It has been more than two years and the failed distance learning set-up has further worsened the education crisis that the youth has long been facing. Under the blended learning program, the number of student dropouts significantly increased. The quality of education that the youth receives was compromised, coupled with the declining mental health conditions, and most of the fresh graduates struggled to look for decent jobs.
The Right to Education was disregarded as the youth struggled to keep up with this type of learning set-up. Thousands of students had no choice but to drop out of school. According to the data released by DepEd, enrolments in SUCs and LUCs for the AY 2021-2022 still dropped by 12.80%. Consequently, the quality of education under the distance learning program continued to stagger.
According to the Talent Ranking Report in 2020, the Philippines ranked 59th and 57th out of 63 countries with regards to the quality of education in primary and secondary education respectively. Even the National Economic and Development Authority acknowledges that the education received during the COVID-19 pandemic is “subpar education.”
Blended learning has also triggered collapsing mental health onto the youth. Over the years, cases of reported suicides, deaths, and other mental health related incidents induced by online classes increased.
There have been 35 reported cases of deaths directly connected to distance learning, from grade 6 to third-year college students. Of the total, 32 are suicides, one death due to electrocution, one due to vehicular accident, and another who had to retrieve her modules and laptop at the height of Supertyphoon Rolly.
Despite more than enough testimonies, DepEd and the CHEd still appealed that none of these were directly linked to distance learning as the main reason.
The initial transition to face-to-face classes last December 2021 were no different from the aforementioned issues as the decision to conduct F2F classes was left for the schools’ administrators to decide, and the costs for retrofitting campus facilities and their surrounding environment are shouldered by the schools themselves.
As expected, several universities used this justification to increase their tuition and miscellaneous fee rates. Furthermore, CHEd remained mum as to how to encourage dropped out students in returning back to school after a year of distance learning.
The government, especially DepEd and CHEd, has undoubtedly failed their mandate once again to provide quality education for students during the pandemic with the rash implementation of the distance learning setup. This has led to countless problems that have sunk the future of the youth down the drain. It has proven that our current education system is not adapted with this online set-up, especially as there are subjects such as medical-related courses that require face-to-face interactions.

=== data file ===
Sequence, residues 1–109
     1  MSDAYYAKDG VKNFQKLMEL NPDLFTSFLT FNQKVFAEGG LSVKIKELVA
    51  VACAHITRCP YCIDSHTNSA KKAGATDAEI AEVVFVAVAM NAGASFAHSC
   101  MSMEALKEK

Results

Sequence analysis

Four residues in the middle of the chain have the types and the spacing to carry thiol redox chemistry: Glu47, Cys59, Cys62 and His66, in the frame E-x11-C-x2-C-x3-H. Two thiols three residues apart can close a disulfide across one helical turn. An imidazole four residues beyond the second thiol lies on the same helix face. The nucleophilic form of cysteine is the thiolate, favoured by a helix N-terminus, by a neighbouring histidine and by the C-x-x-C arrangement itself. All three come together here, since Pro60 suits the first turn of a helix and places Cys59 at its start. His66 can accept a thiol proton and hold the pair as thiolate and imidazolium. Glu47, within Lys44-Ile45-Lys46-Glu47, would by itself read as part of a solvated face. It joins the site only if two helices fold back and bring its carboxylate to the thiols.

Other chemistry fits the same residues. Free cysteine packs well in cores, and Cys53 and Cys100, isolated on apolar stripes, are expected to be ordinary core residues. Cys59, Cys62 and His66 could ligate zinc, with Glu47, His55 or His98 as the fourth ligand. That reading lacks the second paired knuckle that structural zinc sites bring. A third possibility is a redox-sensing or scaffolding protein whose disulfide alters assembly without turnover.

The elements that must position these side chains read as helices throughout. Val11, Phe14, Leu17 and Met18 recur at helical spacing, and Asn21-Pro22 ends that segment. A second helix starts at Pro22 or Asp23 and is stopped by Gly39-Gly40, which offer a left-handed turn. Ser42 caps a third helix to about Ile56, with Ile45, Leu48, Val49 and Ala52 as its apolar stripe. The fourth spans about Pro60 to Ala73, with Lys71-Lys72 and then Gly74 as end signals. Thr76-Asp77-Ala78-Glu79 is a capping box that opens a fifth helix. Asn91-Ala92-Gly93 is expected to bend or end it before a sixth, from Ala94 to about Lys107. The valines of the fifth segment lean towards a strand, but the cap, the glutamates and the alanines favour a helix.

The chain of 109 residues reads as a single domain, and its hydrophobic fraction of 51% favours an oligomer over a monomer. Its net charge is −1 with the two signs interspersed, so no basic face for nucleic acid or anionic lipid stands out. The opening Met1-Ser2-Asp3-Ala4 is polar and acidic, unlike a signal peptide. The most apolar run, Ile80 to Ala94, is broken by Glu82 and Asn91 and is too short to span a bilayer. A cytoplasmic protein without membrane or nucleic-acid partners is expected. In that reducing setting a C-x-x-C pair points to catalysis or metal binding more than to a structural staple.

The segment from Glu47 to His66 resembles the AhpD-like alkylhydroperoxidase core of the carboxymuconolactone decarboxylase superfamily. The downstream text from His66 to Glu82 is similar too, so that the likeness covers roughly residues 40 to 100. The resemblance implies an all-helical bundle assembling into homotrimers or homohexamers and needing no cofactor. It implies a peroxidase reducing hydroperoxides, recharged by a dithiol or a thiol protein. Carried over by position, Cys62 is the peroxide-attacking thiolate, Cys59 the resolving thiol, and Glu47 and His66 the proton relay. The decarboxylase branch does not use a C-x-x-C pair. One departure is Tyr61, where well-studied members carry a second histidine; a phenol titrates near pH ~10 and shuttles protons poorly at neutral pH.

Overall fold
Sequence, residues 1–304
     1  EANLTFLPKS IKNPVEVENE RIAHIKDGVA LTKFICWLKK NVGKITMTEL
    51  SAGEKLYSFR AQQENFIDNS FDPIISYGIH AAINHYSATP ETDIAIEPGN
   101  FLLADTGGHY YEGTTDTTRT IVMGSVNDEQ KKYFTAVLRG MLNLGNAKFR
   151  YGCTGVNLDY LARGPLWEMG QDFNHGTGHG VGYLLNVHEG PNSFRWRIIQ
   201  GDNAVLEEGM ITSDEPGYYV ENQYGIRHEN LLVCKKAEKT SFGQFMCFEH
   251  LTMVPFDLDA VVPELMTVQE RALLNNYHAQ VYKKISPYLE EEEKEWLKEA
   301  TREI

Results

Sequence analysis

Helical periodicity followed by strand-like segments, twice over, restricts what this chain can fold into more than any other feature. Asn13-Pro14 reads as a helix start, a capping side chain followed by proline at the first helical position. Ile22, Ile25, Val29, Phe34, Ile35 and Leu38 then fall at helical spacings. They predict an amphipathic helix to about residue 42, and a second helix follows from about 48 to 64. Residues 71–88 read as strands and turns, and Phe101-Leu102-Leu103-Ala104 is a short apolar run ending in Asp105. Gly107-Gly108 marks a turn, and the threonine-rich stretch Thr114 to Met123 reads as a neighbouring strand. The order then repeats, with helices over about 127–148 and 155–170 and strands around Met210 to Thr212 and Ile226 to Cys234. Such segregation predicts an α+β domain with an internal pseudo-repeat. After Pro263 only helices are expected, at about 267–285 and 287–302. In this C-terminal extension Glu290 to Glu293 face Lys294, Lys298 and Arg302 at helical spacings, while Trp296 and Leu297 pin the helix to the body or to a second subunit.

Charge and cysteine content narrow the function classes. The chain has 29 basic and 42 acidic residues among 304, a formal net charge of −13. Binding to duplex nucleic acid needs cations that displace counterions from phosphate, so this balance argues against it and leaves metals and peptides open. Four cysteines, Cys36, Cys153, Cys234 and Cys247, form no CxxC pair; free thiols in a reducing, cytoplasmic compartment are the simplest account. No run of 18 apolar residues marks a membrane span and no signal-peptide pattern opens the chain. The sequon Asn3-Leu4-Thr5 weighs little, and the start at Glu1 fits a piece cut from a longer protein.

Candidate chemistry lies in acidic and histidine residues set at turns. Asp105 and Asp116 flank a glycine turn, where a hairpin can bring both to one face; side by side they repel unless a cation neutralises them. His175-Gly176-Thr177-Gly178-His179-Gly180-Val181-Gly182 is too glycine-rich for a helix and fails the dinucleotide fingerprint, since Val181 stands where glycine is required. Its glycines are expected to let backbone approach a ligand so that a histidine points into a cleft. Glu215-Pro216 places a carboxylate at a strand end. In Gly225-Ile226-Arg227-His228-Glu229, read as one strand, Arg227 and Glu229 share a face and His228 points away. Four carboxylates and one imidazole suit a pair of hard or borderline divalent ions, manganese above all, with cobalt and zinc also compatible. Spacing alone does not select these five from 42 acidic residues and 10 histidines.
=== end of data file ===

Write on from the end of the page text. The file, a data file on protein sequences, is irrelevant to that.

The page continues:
Continuing classes without opening the schools will only lead to more dropouts, further deterioration of mental health, and worse, deaths directly related to distance learning.
As we approach the beginning of the next academic year and the gradual easing of the threat of the COVID-19 pandemic, it must be the utmost priority of the government to not just set a deadline for the transition to face-to-face classes, but to actually provide support for the needs of the students related to face-to-face classes.
We’ve had enough of De Vera putting the burden of his job to the schools themselves. The government must provide subsidies for the retrofitting of campus facilities and its surrounding environment or else the costs for making the campus safe will be shouldered by the students and their parents through tuition and miscellaneous fees.
Opening the schools would also mean providing support for students to travel to schools. The ongoing health and economic crises have affected the costs for public transportation. Fuel and fare prices have increased, which in turn causes difficulty for most students to travel to schools. Although there are already free rides for LRT-2 passengers, this only encompasses areas within LRT-2 stations. What we need is a permanent, free, and accessible public transportation for students from Kinder to Graduate Schools.
Even if the schools had opened, this is only just a step on resolving the education crisis in the Philippines. For so long the government has put the burden of addressing the concerns and needs of the education sector onto the hands of the educational institutions— and even to students and their families themselves while perpetuating the system of deregulation that has been widening the gap between the rich and the poor on acquiring quality education.
On top of it all, CHEd commissioner De Vera’s reappointment under Marcos Jr. as well as the appointment of Sara Duterte as the new DepEd secretary shows no hope of this crisis ending soon as we all know that it is never the students’ interest that they are in service of. Resolving the education crisis means having a government who actually listens and prioritizes the welfare and interests of the students and has the guts to shoulder both the costs and the responsibility in order for the youth to be productive and effectively contribute to nation-building.
John Samuel B. Lazaro
Samahan ng Progresibong Kabataan